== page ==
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Special relativity

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The basics and some applications of special relativity: Relativistic nobel prizes, the concept of relativity, E-equals-m-c-squared, time dilation and the (in)famous twins.

This page contains an overview of those of our Spotlights on Relativity dealing with the foundations and applications of the special theory of relativity. In the category Basics, there is a text dealing with the meaning of "relativity"; under the heading Time, you will find texts dealing with simultaneity, time dilation and the famous travelling twins, while under Energy and mass, there is some information about Einstein's best-known formula. Under Miscellaneous, you will find a text describing all relativity-related Nobel prizes.

A brief overview of special relativity can be found in our introduction Elementary Einstein, in particular in the chapter Special relativity.

Basics

Waves, motion and frequency: the Doppler effect

Waves, motion and frequency: the Doppler effect

How motion influences waves, or other kinds of ever-repeating signals, in classical physics and in special relativity.

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The dialectic of relativity

The dialectic of relativity

How relativity can reconcile statements that, at first glance, appear to be contradictory

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Special relativity and time

More about simultaneity, time dilation and the famous case of the travelling twin

The definition of "now"

The definition of "now"

Why it is necessary to define simultaneity, and how best to go about defining it.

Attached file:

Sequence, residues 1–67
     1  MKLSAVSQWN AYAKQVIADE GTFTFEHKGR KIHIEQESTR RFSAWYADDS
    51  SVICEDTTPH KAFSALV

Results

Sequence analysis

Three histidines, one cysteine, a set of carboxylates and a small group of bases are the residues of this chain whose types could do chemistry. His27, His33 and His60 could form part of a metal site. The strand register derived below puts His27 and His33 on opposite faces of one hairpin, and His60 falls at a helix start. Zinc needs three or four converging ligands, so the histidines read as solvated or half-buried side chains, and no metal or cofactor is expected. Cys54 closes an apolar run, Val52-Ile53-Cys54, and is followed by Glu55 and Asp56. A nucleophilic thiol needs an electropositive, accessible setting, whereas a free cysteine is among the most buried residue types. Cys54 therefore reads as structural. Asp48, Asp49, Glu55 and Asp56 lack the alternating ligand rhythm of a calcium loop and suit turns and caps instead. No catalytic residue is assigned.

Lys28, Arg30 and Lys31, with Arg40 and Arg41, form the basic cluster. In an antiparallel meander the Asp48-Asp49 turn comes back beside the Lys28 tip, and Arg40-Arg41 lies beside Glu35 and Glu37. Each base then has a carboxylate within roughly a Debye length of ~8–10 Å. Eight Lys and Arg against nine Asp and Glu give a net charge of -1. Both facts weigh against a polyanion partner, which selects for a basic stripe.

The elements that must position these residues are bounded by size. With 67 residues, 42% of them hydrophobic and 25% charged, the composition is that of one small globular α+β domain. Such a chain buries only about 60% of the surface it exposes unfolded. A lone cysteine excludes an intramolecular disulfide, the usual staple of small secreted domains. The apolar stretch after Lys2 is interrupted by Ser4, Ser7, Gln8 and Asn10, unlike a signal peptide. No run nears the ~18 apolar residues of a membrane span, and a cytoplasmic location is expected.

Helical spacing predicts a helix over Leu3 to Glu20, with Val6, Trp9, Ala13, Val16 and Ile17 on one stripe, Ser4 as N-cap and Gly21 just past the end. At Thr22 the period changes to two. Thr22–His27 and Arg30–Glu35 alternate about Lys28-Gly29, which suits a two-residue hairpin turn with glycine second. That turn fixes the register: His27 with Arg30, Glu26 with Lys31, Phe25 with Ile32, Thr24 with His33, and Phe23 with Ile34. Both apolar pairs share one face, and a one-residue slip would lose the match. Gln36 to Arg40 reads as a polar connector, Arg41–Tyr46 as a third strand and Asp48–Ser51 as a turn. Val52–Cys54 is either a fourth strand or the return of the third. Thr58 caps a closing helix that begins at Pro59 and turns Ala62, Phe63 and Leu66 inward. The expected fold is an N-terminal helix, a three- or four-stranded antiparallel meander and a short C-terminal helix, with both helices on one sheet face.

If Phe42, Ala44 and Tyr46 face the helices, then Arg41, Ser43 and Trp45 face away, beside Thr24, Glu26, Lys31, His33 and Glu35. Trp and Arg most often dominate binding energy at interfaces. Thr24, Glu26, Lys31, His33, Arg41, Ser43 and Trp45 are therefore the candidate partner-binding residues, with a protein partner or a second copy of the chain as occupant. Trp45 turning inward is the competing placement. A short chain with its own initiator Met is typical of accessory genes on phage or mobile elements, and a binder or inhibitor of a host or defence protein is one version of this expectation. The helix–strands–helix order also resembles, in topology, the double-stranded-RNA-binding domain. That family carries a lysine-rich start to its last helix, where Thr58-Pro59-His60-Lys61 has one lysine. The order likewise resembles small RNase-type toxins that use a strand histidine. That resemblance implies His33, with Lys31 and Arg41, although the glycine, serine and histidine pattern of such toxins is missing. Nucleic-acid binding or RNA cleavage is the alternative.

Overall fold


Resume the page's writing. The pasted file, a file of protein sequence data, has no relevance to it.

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Time dilation on the road

Time dilation on the road

How you can picture the relativity of simultaneity and time dilation, using a simple geometric analogy

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The case of the travelling twins

The case of the travelling twins

Why the so-called "twin paradox" isn't really a paradox

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Twins on the road

Twins on the road

How one can picture the situation of the travelling twin, using a simple geometric analogy

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Energy and mass

Some background information about the most famous formula in all of physics

Is the whole the sum of its parts?

Is the whole the sum of its parts?

Why Einstein's famous formula tells us that the whole, as far as mass is concerned, is often less than the sum of its parts

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From E=mc² to the atomic bomb

From E=mc² to the atomic bomb

The subtle connections between Einstein's formula, nuclear fission and nuclear fusion

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Miscellaneous

Einstein's Nobel heritage

Einstein's Nobel heritage

An overview of Nobel prizes connected with relativistic physics

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